Officers win Sportabzeichen

Captain Christian M. Shore, Aide-de-Camp, Office of the U.S. Commander, Berlin, became the latest member of the Berlin Command to earn the coveted German Sports Medal (Sportabzeichen) under the sponsorship of the Berlin Bereitschaftspolizei. At A ceremony held in the office of Major General R. G. Fergusson, U.S. Commander, Berlin, Thursday May 16, Polizeioberrat Egon Lesnick of the Berlin police force presented the medal. Captain Shore was not the first to earn the Sportabzeichen in his office. General Fergusson won the gold Medal in 1963, when he served as Chief of Staff, Headquarters, Central Army Group (NATO) in Seckenheim, Germany. Dr. Hagen, the First Mayor of Heidelberg and representing the Baden Sport Association, awarded the medal to General Fergusson in recognition of the physical fitness and German-American sportsmanship which this particular presentation symbolized. The Sportabzeichen is a highly-prized award. It is proof of an individualís overall physical fitness, as well as his ability in five particular categories of athletics. To qualify for his medal, Captain Shore was required to put the shot eight meters, broad jump 4.75 meters, run the 100-meter dash in less than 13.0 seconds, rub 5,000 meters in less than 23 minutes and swim 300 meters in less than nine minutes. Captain Shore Shore was presented the Bronze Medal, which is awarded to persons between 18 and 31 years of age. The Silver Medal goes to those between 32 and 40, and those qualifying when over 41 receive the Gold Medal.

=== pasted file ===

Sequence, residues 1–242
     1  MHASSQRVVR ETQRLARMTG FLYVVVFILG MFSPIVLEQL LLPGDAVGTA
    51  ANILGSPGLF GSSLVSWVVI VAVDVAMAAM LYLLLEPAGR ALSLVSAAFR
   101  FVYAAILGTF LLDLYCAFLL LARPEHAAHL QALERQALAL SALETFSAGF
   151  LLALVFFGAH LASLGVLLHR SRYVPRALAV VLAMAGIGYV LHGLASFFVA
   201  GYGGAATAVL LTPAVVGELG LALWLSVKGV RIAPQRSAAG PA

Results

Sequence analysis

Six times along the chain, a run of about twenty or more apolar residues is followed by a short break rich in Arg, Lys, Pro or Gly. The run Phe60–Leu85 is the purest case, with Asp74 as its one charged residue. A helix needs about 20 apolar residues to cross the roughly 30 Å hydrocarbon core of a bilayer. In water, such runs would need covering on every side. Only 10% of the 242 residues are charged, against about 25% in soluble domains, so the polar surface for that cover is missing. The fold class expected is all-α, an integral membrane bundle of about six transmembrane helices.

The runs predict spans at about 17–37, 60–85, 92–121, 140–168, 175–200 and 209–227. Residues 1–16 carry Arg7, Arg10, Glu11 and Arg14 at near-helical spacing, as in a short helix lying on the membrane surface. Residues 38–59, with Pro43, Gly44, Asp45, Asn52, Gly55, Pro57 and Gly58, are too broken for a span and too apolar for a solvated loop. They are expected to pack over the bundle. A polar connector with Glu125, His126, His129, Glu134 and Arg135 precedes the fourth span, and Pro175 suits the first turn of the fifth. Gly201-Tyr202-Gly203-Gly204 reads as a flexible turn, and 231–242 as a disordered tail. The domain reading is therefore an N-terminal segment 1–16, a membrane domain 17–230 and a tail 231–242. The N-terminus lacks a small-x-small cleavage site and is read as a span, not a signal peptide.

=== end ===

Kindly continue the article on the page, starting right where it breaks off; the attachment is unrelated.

The close cooperation and mutual assistance between the U.S. Army and the Berlin police force was again demonstrated recently when Berlin Polizeioberrat Egon Lesnick presented the former commanding officer of the 278th Military Police Company, Captain Robert H. Coords, with the German Sport Medal (Sportabzeichen). The Sportabzeichen is a coveted award. In order to qualify for it, applicants must perform their feats before judges selected from various Berlin sports clubs. Members of the U.S. forces are assigned a coach from the Berlin police who closely supervises their training and preparation. The Sportabzeichen is divided into three classes, according to an applicants age. The Bronze Medal is given to persons from 18 to 31. The Silver Medal is awarded to persons aged 32 to 40, and the Gold medal is reserved for those who qualify when over 40. The Sportabzeichen is proof of an individualís physical fitness as well as his ability in five particular categories of athletics. To qualify for this award Captain Coords had to lift 75 percent of his weight over his head for three seconds, high jump 1.35 meters, run 440 meters in less than 68 seconds, swim 300 meters in less than nine minutes and ride a bicycle 20 kilometers in less than 45 minutes. To complete these requirements the usual applicant takes a week. Captain Coords fulfilled all his tasks in one day. The brief award ceremony followed the ceremony at which Coords was promoted to captain from first lieutenant. Awarding his captainís bars was the Commanding Officer, Special Troops, Lieutenant Colonel Stephen M. Grifith. Captain Coords leaves Berlin shortly for duty with the 18th MP Battalion in the Republic of Vietnam.

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